Principle 1 is not new, in that it repeats the fundamental principle in the Privacy Act.  But it goes way further.  First, the Privacy Act does not apply to the news media "in relation to their news gathering and dissemination activities".  Secondly, later on the Bill significantly reduces the Privacy Act exemption from information held in ones personal, domestic or family capacity.  Thirdly, the Bill also later waters down the "publicly available publication" exemption from the prohibition on using or disclosing personal information.  Under current law, if I disclose personal information contained in a publicly available publication, it cannot be a breach of the Privacy Act.  Under the Bill, you could be liable for disclosing material from a publicly available publication unless you can prove that "in the circumstances of the case it would not be unfair or unreasonable to use the information".

It is hard to argue against Principle 2's prohibition against threatening intimidating or menancing communications.  That proposal simply updates existing law to reach modern communications.  But aren't those offences that are the domain of the Police?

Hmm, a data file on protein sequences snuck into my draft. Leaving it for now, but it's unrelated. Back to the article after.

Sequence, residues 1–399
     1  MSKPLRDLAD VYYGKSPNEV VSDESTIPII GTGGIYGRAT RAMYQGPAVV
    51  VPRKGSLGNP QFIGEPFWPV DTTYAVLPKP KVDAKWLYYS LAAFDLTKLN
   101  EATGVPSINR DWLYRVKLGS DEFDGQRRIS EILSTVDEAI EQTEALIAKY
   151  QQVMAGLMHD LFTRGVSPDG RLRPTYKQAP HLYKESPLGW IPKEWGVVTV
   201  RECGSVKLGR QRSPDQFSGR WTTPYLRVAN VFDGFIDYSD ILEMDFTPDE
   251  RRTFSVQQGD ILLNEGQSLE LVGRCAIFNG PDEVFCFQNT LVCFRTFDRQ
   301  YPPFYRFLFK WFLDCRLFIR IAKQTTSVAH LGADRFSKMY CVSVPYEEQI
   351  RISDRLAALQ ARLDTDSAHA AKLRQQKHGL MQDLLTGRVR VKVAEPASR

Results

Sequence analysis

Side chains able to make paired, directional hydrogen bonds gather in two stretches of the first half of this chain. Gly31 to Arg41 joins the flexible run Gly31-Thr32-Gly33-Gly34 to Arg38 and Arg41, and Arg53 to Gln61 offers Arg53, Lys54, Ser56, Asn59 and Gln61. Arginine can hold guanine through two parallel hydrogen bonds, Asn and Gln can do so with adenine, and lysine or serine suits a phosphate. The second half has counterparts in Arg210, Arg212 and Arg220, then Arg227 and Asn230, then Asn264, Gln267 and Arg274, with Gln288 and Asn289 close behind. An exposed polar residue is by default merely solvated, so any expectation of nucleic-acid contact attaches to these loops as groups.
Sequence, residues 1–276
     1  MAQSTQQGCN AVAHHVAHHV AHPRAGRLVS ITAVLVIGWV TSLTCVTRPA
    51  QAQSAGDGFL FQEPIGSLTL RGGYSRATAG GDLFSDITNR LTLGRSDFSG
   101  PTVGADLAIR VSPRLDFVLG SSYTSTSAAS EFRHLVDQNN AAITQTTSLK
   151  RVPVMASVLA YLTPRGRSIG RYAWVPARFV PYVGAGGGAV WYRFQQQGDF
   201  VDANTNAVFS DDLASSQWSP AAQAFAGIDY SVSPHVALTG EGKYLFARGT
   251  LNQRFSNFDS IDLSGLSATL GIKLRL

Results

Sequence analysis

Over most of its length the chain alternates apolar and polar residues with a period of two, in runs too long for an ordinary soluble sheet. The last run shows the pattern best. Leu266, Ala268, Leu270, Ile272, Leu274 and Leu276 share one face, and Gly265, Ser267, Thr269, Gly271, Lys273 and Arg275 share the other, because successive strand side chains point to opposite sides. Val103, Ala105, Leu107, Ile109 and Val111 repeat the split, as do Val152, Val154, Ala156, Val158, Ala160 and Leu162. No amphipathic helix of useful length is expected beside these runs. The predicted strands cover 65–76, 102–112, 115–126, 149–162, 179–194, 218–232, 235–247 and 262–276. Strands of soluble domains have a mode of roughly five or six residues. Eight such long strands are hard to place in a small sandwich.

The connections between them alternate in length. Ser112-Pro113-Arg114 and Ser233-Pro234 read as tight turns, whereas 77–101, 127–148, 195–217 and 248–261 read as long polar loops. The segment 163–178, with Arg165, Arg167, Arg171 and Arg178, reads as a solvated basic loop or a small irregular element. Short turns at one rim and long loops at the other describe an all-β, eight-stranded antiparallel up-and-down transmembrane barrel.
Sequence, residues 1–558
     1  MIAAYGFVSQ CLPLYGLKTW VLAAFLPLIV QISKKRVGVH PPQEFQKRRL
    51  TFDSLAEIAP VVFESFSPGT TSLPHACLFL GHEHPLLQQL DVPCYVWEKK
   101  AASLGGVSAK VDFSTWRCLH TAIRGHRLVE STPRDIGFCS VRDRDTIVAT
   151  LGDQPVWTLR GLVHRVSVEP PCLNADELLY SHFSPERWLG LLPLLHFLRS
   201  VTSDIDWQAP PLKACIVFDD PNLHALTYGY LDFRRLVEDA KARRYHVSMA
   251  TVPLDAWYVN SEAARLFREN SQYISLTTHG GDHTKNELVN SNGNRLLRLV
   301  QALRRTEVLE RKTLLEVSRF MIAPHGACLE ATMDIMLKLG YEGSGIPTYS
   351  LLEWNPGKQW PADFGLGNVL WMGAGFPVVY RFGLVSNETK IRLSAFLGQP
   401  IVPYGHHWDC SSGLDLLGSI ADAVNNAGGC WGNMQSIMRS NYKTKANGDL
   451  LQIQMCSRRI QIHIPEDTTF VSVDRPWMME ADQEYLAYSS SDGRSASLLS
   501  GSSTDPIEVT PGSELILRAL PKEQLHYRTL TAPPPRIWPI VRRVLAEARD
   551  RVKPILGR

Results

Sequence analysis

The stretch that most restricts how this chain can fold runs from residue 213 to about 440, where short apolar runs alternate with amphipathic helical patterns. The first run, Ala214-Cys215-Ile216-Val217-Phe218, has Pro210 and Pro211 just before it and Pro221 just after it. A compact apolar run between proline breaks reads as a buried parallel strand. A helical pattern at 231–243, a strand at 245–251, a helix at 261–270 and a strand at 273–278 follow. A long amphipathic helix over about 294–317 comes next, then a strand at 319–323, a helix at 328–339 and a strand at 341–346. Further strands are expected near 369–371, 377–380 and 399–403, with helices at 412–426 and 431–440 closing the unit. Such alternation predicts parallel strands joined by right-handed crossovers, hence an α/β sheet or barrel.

Principle 3's subjective "grossly offensive" test could force a rethink of Hell Pizza's marketing strategy, but what else might it catch?

Principle 4's prohibition on indecent or obscene communications simply aligns communications with a range of other publications, and does not really materially change the landscape.

Likewise, Principle 5 ensures that harassing communications are subject to the  same sanctions as other forms of harassment.

Principle 6 pretty much reprises defamation (without the troublesome need to prove the subject's reputation or standing in the community has been harmed as a result).

Principle 7 codifies the common law against breach of confidence, and might in fact afford a more accessible remedy than the court proceedings now required.